The transition from A Level to university can be really daunting and challenging but there’s loads of support you can access if you need a hand – plus you have all of your first year to figure it out before you really have to knuckle down when your grades start ‘counting’.

So try new things and have fun!

June 2016 Update – Welcome Back

Hello all! IMG_20160602_151220

Thank you for returning back to my blog after such a long hiatus, it’s good to be back and writing again.
So why such a long break? Well the main reason is the stress and pressures of university and personal problems have caused some health issues for me recently. Alongside other projects I’ve been doing, this has left very little time to maintain my blog so, thanks to a kind notification from WordPress the other week celebrating my blog’s first anniversary, I’m now using The English Teacup as a hobby to help with recovery and as a way to kick my ass back into writing more.

To give this a boost, I’d like to introduce you to my new project, Photos and Words. This project is the simple idea of using photos I’ve taken to accompany flash fiction (something I’m very new to!). This project is in its very early stages and is basically one big experiment so please take a gander and leave me some feedback and thoughts on what you think – suggestions would also be appreciated! You can find out more about it by visiting this page:

You will also notice a few more changes that have appeared on my blog: a more streamlined banner, a couple of new pages and link to a PayPal donation button on my sidebar. Now, this last one I’d like to talk about in a little more detail. It costs me £22 per year to keep my domain name. Though this isn’t a huge expense, it mounts up quite rapidly when added onto my initial start-up cost. On top of this, there’s the time aspect – maintaining my blog involves hours of work and can be very time-consuming. This is the main reason it’s been at a standstill for so long, I simply don’t have the funds to do this in my leisure time at the expense of other (paid) projects. For this reason, I’ve decided to include the option of readers donating via PayPal to help go towards blog maintenance costs. Please don’t think this is going to my own purse – all donations will be kept aside to go towards the blog maintenance costs and to help reimburse the initial start-up costs. For this reason, if you enjoy reading my work and would like to see more of my content in the future, please consider donating if you are able to. Even donations the price of a coffee or a tabloid newspaper can go a long way in contributing to a much larger project. If you want any more information about this, please get in touch via my contact form page or by email (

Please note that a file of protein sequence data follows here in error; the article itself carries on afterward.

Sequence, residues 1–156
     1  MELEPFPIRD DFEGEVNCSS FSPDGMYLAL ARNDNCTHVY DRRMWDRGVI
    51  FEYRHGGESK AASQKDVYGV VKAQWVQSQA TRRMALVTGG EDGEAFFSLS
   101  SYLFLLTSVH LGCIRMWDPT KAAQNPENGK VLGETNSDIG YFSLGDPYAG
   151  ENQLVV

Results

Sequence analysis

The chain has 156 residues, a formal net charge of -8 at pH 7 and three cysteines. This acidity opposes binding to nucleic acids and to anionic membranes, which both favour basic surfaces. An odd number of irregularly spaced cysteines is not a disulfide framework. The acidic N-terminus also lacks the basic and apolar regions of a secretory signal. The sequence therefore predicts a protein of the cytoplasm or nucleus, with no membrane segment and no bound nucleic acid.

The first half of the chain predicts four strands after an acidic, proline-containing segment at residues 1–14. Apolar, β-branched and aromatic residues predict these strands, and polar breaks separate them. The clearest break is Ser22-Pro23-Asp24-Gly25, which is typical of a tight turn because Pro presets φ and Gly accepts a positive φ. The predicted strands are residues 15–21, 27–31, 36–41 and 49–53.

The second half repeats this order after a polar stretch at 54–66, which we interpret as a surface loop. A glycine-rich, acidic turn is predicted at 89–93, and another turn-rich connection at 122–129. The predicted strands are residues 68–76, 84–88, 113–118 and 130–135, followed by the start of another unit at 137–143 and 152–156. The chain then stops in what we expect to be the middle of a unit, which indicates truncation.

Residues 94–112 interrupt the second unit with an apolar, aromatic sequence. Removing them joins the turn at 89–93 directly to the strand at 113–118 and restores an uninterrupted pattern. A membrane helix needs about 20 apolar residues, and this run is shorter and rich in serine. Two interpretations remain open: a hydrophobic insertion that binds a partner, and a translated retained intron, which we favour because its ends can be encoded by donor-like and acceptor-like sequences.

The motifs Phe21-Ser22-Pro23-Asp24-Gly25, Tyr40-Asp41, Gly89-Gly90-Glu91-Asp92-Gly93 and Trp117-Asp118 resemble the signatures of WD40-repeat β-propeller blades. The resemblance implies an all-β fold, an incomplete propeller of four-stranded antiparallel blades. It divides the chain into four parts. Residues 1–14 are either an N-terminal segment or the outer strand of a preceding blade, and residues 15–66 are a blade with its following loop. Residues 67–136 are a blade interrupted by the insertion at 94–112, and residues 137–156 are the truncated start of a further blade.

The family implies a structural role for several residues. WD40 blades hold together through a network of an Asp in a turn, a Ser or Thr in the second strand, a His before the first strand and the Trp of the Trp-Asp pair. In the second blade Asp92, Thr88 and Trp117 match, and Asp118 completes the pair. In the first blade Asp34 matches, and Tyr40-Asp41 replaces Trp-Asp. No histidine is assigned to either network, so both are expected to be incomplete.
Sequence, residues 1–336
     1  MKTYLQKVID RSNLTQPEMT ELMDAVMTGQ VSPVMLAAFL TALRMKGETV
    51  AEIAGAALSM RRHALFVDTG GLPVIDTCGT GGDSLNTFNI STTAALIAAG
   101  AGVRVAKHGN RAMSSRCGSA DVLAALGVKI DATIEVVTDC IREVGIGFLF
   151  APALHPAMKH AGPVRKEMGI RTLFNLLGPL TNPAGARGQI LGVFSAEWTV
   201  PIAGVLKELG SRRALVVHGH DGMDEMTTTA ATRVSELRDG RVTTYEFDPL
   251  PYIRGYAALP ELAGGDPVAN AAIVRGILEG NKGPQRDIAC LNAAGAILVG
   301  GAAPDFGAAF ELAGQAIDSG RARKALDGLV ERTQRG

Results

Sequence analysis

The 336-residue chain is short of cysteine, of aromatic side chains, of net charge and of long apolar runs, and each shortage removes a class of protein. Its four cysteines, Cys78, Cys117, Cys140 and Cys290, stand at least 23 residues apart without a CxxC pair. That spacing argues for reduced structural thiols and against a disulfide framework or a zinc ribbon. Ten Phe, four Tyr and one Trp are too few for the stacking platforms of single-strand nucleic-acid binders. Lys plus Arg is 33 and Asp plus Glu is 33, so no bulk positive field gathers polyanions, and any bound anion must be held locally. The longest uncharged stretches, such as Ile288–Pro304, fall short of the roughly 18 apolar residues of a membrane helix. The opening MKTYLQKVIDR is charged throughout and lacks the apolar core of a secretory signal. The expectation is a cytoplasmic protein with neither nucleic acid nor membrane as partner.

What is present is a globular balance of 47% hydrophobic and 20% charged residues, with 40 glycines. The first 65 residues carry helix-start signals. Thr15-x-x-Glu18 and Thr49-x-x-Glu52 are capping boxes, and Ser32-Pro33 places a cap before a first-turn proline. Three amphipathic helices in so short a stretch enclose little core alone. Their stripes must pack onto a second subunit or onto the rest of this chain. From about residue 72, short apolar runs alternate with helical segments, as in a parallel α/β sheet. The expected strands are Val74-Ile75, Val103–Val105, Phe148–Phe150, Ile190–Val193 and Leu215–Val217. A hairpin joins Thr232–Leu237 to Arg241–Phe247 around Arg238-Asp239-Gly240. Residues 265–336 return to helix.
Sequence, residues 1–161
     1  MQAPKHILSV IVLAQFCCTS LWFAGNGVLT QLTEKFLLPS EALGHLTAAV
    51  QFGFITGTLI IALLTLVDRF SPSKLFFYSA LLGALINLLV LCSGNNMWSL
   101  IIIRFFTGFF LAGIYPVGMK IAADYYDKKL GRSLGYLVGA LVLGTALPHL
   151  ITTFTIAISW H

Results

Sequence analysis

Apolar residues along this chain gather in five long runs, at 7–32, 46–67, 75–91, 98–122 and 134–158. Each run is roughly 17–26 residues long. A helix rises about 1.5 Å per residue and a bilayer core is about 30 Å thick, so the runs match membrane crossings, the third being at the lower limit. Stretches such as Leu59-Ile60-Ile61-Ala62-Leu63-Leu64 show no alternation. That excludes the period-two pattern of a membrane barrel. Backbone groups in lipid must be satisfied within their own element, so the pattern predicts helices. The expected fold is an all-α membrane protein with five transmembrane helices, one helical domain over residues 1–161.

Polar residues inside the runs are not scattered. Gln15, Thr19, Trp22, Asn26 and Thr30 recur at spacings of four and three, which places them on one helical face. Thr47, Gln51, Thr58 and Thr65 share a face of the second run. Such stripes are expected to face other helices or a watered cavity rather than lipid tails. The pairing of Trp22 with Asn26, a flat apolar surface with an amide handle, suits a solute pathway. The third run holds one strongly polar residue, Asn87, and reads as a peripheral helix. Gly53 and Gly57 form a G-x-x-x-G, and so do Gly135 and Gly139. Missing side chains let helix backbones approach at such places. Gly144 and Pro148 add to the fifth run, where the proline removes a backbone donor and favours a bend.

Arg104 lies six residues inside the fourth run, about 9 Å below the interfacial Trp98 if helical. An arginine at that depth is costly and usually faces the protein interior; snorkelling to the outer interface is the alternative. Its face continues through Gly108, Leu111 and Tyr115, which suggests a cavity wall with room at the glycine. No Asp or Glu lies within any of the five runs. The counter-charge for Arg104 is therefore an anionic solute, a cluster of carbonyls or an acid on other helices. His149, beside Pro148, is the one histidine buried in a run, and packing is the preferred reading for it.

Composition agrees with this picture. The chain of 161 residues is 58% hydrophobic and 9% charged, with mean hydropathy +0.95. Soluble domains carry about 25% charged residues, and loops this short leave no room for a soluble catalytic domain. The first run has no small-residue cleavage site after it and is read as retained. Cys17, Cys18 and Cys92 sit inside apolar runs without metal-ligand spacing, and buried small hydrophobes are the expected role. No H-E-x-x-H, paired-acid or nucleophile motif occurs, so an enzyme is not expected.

Thanks again for coming back to my dear little blog, I hope you enjoy having a browse around my latest posts.

– The English Teacup

15 Ways to Make the Most of Your Student Summer


Volunteering at Newcastle’s Unity Festival

Summer becomes a glorious beacon of free time where we students dream of reinventing ourselves, travelling the world, writing books and doing everything that we don’t have the time to do when we’re studying.  Within a few weeks of freedom however, we will most likely find ourselves binge-watching Netflix (need I mention how excited I am for season three of Orange Is the New Black?) while it rains outside and staying up until 4am taking Buzzfeed quizzes named ‘Can We Guess Your Favourite Colour?” to compare results with your equally disillusioned pal.
The four months leading up to September that once felt full of opportunity and freedom have suddenly turned into a frequent dilemma over whether it’s worth putting on makeup that day and a newly found passion for watching Eastenders rather than reading Weber.
So how do we get out of this comfortable yet miserable rut and motivate ourselves to make this summer recognisable to the one we spent long hours stuffed in the library daydreaming about?
Read on…

  1. Plan, Plan, Plan
    The more realistically you plan your summer out, the more likely you are to actually go through with it. Try doing a week by week set of objectives to keep yourself on track – just make sure you treat yourself kindly, it is summer after all!
  2. Volunteer